Profit from passion: The ultimate way to make money?
If you really want to create a life that you love and actually feel like you are living, there are many ways to go about it. Investing is one, certainly, as is investigating the prospects of the many flavors of alt-finance that exist today. But there are no guarantees of success, and you still need to work hard – possibly in a job that you despise – to get the money you need to play with.
Ultimately, if you do something you love, money becomes less important. Of course, you still want to have a comfortable lifestyle, and be able to go on a vacation once or twice a year – but you can put up with the occasional bad year when you are involved in your career to such a great extent.
The big question is – how do you turn those hobbies into turning a profit? We’re going to take a closer look at some of your options right now, so read on to find out more.
Get out there
First and foremost, it’s one thing saying you want to work in a specific field, but it’s another entirely to have the confidence to really put yourself out there. It takes guts, bravery, and a lot of cajones to try and earn money from your passions, primarily because it’s the love of your life. If you fail – as many hobbyists believe they will – it could be devastating, and it’s this kind of thinking that prevents you from giving it your all. Try to avoid this kind of attitude wherever possible It’s tough, for sure. But if you don’t put yourself out there, you’ll never know if you can really make it.
Don’t spend too much time on the small stuff
Let’s say you are a musician, and play in a band with a bunch of friends. You spend all your time practising, looking for the perfect tune, played to perfection, but never quite reach your own expectations. You might build a band website, start putting some demos out there, and hope for the best that someone in a high position in a record company hears what you have to say. The trouble is, this is all small potatoes when it comes to the music business. If you don’t get out there and test that music in front of real fans, you’ll never know if people like it. Doing everything behind closed doors won’t teach you what it’s like to be a success. Again, it’s a case of getting out there and proving your worth, rather than doing everything in the background that you think a band or artist ought to do.
But here’s the thing. When it comes to making serious money from your art or your passions, very few people will ever make it. You are up against a lot of competition, some of whom will be more talented than you, others who work harder than you, and even more that are just plain luckier than you. It’s tough – but there are alternatives if you are realistic enough to accept them. Let’s take music again. OK, so you’ll never make it fronting a band, but what about being a session musician?
Perhaps you could create library music – the stuff you hear on adverts or film soundtracks? You could teach your instrument to others in your spare time, too – or perhaps even set up a repair shop. The artistic industries aren’t just about the people you see on TV, and a good career awaits for anyone prepared to look further afield from fame and the ultimate fortune.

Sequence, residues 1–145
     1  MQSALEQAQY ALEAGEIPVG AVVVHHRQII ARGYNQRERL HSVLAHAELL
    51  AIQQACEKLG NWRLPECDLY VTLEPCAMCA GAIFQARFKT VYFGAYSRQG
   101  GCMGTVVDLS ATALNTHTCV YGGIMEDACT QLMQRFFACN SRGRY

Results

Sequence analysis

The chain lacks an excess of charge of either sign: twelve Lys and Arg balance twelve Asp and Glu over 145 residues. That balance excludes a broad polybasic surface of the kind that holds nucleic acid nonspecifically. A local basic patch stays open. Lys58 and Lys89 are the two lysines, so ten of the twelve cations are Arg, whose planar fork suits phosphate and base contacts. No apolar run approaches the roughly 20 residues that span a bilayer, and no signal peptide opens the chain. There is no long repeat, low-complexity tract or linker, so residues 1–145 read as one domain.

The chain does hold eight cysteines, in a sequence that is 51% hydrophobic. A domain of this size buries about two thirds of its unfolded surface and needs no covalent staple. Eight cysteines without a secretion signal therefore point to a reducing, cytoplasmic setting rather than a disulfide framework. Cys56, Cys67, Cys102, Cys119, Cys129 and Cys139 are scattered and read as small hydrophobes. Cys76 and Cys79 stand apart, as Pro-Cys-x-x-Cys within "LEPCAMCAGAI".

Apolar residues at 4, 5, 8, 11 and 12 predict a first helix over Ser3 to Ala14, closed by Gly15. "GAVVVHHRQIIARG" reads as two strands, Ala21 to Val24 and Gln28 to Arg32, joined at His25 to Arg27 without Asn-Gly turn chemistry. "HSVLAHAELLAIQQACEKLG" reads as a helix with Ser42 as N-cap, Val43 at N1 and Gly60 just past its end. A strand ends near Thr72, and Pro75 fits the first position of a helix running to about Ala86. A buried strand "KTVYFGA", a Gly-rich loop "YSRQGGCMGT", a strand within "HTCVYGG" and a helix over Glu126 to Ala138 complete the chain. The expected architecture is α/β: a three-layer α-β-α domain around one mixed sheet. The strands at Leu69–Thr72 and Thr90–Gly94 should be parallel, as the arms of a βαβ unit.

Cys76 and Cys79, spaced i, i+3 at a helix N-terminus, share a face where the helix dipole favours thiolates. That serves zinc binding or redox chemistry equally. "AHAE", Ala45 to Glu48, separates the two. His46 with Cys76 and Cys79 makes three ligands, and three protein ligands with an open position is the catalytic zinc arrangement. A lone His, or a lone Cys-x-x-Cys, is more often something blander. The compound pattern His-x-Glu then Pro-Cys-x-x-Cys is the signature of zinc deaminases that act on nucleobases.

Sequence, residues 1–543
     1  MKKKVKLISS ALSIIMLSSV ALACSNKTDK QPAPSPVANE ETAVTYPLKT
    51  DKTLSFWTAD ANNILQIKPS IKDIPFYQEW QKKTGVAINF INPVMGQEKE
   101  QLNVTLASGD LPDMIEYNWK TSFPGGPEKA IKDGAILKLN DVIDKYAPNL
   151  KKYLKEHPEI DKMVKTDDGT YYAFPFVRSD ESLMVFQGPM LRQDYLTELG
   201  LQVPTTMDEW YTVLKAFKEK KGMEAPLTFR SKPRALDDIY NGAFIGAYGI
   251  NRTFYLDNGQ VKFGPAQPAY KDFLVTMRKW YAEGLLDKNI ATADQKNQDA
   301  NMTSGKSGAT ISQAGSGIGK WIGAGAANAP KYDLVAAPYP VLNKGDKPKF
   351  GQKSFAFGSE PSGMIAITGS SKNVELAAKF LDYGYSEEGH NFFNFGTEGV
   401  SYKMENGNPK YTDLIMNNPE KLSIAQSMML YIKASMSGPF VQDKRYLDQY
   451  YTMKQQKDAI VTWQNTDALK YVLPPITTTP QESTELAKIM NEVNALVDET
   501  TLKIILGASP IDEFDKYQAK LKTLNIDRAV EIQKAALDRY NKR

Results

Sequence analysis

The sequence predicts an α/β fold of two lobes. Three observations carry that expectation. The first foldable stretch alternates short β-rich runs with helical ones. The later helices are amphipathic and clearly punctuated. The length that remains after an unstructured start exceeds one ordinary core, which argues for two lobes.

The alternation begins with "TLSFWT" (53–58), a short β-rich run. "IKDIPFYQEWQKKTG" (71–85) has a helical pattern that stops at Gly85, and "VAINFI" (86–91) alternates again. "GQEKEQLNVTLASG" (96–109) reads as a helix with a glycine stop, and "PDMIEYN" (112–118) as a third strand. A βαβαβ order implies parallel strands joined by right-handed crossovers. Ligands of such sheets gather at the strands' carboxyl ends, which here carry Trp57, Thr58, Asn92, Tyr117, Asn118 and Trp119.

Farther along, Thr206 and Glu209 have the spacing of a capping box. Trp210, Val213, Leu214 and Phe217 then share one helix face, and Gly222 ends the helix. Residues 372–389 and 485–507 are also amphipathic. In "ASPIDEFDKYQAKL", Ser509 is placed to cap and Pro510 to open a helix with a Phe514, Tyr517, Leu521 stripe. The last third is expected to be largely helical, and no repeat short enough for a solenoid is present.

The earlier you start to monetize your passions, the more chance you will have of developing a fine career for yourself. It’s really that simple. Let’s say you love making jewelry – get out there and start selling it ASAP. All your profits can go straight back into your passion, and who knows? Maybe you’ll end up in a huge bricks and mortar retail outlet selling exclusive pieces one day? If you are into fashion in a big way, you could even do something like create an alterations service. Just start charging your friends a small amount to cover your costs until you build a name for yourself, and all of a sudden you could have a valid business on your hands. Get out there and do it – are you seeing a pattern yet?
It’s not about going big
Unless you strike it seriously lucky with your passion, you might end up working with it in some kind of capacity as an employee. But you should be careful with making this move, as it can often backfire. First of all, there is a lot of competition for jobs – meaning entry level wages can be low, and very difficult to escape from. And you also have to bear in mind the type of work you will be doing. Does working as a designer for a large corporation really fulfil your creative drive? Many people who end up in these roles end up losing their passion altogether, and few can combine the artistic flair and business sense to make a good salary with it. In many cases, you might be better off trying to strike out on your own as soon as you build up a certain amount of experience.
You’ll need patience – a lot of it
Here’s the big thing about making your passions work for you – patience is key. You will go through many different iterations, experience a lot of rejection, and there will be times when you feel like calling it quits. But as long as you are earning money – somehow – and feeding your family, the more you keep going, the more likely it will be that you find that big success. It’s something of a leap of faith, for sure – and it will be tough going when you see your peers progress. But ultimately, if you want to lead a bankless lifestyle, and not have to deal with pressure in a subject or job role you detest, it’s a lifestyle choice that can often pay off.